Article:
The styles of music that children experience, as well as the actual sounds of the musical tones, are important. We need to be aware that some types of music may be over stimulating or too powerful for their delicate senses (especially electronic and mechanically produced sounds). Music and sound need to meet our children where they are developmentally. As such, it is necessary to protect and nourish their developing sense of hearing and encourage stillness and listening that will in turn stimulate a deep appreciation of music, sound and feeling throughout their lives.
“I would teach children music, physics and philosophy; but most importantly music, for the patterns in music and all the arts are the keys to learning.” Plato
There has been a great amount of recent research on music and brain development. Of interest is the research that was conducted to see whether musical training in childhood improves the brain areas and functions that are responsible for the general processing of sound (relating to language development, speech perception and reading skills). In this research, musical training was found to be related to better language and mathematical skills as well as greater academic achievement and the development and efficiency of the auditory pathway in the brain was seen to be strengthened. Differences in the brain were found in the areas that relate to hearing, sight and the physical movement of the body between musicians and non-musicians, with better results showing in the musicians.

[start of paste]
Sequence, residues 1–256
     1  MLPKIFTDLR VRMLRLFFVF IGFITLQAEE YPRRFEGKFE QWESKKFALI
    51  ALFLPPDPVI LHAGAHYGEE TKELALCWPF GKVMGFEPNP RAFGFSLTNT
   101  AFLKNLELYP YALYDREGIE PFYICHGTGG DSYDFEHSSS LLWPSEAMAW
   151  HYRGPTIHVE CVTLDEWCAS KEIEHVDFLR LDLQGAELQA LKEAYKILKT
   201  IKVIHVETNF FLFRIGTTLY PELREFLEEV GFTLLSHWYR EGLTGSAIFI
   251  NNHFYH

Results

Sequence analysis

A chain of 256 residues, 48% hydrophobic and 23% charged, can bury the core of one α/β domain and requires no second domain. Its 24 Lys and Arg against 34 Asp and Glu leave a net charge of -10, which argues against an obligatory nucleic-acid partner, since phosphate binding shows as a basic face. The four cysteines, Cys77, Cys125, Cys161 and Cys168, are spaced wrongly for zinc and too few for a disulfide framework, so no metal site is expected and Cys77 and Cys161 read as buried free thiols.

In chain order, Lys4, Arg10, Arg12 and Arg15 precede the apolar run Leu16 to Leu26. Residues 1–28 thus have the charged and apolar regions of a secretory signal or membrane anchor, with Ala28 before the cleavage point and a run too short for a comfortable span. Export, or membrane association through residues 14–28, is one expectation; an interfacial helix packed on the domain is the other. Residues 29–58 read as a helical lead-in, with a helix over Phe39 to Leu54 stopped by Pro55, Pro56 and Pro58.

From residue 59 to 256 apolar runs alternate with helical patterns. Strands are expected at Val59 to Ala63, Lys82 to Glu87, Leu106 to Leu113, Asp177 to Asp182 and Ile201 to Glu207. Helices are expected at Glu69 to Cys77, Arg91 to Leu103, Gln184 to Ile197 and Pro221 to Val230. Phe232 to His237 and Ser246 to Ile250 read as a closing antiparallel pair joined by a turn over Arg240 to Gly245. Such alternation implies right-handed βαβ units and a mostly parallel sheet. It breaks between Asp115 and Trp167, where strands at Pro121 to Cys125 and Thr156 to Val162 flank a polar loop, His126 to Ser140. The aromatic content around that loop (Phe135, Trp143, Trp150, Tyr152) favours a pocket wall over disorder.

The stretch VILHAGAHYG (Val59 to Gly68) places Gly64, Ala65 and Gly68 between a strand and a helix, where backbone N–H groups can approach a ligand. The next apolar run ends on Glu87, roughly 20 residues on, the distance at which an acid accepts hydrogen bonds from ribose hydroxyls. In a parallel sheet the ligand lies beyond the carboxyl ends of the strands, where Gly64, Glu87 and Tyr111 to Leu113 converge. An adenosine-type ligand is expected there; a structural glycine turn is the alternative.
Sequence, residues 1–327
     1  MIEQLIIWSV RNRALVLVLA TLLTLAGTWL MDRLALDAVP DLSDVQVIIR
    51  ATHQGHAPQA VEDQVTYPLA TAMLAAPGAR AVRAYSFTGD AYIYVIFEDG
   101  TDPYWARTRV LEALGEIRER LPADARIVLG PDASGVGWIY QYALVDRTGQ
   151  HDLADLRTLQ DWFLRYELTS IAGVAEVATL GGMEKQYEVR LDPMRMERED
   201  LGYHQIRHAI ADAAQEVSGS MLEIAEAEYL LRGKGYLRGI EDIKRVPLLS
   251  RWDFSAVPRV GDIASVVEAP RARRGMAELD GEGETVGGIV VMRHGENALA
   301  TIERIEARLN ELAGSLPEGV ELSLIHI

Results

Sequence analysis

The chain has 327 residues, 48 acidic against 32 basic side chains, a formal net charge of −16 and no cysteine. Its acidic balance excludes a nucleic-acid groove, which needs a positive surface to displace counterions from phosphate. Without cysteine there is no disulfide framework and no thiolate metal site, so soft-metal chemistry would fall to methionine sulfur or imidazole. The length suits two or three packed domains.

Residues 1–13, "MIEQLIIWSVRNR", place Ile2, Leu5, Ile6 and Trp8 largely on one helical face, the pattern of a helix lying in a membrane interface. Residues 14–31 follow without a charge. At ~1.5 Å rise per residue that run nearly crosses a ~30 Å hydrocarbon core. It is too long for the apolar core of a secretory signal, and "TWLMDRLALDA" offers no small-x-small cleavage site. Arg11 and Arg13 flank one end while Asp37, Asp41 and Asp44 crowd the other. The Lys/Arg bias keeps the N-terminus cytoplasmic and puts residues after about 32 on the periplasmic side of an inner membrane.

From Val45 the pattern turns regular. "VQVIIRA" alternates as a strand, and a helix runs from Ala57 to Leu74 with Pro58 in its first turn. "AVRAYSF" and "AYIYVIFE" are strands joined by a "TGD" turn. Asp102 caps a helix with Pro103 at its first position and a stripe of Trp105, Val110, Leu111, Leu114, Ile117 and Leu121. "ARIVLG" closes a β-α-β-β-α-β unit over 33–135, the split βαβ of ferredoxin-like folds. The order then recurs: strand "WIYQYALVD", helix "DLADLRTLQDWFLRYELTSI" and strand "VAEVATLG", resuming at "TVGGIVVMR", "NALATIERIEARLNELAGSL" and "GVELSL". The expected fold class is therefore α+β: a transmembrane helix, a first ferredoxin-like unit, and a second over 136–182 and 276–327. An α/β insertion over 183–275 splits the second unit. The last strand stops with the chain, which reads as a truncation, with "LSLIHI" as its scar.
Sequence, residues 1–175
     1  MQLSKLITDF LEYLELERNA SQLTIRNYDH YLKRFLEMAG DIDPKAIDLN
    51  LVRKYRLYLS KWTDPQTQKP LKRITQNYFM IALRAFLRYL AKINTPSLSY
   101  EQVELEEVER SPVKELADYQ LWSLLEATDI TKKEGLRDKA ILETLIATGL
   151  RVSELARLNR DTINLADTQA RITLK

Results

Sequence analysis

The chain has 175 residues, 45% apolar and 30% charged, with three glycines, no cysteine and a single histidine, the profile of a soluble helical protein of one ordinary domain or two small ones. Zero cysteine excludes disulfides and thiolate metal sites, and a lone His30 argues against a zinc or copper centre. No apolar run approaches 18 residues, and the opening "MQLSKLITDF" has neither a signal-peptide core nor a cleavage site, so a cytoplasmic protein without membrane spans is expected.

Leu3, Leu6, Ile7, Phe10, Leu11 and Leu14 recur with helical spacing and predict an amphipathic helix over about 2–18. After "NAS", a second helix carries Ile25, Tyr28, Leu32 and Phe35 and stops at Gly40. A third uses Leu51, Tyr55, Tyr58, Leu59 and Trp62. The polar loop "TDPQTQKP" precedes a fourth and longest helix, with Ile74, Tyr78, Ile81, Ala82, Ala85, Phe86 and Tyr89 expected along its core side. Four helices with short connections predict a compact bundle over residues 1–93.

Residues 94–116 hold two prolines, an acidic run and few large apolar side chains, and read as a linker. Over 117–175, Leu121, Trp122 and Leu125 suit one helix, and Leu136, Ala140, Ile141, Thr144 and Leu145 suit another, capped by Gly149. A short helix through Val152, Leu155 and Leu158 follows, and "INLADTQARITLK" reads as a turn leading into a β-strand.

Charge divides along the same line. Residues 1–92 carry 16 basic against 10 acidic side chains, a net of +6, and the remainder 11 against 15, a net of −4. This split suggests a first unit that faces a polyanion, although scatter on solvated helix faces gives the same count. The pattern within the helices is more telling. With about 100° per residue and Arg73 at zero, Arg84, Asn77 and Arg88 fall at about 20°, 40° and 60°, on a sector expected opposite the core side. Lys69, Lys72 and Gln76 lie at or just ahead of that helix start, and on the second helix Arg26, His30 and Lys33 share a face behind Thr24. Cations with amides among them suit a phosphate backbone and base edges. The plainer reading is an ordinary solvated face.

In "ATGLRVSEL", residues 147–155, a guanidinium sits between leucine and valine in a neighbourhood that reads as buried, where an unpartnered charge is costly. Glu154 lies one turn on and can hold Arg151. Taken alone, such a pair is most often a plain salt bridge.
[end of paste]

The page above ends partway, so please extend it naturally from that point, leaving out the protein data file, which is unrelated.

Research has also been done to explore how engaging in music affects children’s social and emotional development as well as these cognitive functions. Studies were done (over five years) where children were exposed to classical music and learnt to play an instrument in an orchestra. The creation of the music itself, through playing an instrument, was seen to stimulate a complex symphony of electrical impulses within the brain, as well as develop emotional intelligence and social skills through participating in the orchestra.
Another gift that musical education brings is the development of a child’s will. This can be strengthened through the ability to be in stillness and hold a state of attentive listening or through the undertaking and discipline of learning to play an instrument. Rudolf Steiner said that “Proper introduction to the musical element is fundamental for a human being to overcome any hindrance that impedes, later in life, a sound development of a will permeated with courage.”
We can see that music is deeply connected to the stimulation and development of our thinking, feeling and willing. It is essential for our children to immerse themselves in this alchemical magic which transforms the head, heart and hands into gold, allowing them to reach their full potential and shine.
“Ah music,” he said, wiping his eyes. “A magic beyond all we do here!”
Albus Dumbledore (Harry Potter and the Philosopher’s Stone)
Tara Taylor, Muisc teacher